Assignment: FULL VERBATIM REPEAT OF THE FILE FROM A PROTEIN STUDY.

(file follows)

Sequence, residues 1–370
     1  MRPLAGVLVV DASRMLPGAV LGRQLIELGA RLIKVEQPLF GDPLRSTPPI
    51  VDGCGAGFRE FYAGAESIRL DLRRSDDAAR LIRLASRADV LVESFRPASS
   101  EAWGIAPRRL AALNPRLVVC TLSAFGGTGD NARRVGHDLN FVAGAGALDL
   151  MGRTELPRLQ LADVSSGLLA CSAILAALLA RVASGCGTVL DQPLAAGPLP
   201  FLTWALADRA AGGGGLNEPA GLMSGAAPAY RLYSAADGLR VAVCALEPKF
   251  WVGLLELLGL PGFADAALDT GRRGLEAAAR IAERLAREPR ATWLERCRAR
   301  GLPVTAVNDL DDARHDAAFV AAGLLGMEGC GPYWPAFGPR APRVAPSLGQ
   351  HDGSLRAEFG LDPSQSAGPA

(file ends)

Sequence, residues 1–370
     1  MRPLAGVLVV DASRMLPGAV LGRQLIELGA RLIKVEQPLF GDPLRSTPPI
    51  VDGCGAGFRE FYAGAESIRL DLRRSDDAAR LIRLASRADV LVESFRPASS
   101  EAWGIAPRRL AALNPRLVVC TLSAFGGTGD NARRVGHDLN FVAGAGALDL
   151  MGRTELPRLQ LADVSSGLLA CSAILAALLA RVASGCGTVL DQPLAAGPLP
   201  FLTWALADRA AGGGGLNEPA GLMSGAAPAY RLYSAADGLR VAVCALEPKF
   251  WVGLLELLGL PGFADAALDT GRRGLEAAAR IAERLAREPR ATWLERCRAR
   301  GLPVTAVNDL DDARHDAAFV AAGLLGMEGC GPYWPAFGPR APRVAPSLGQ
   351  HDGSLRAEFG LDPSQSAGPA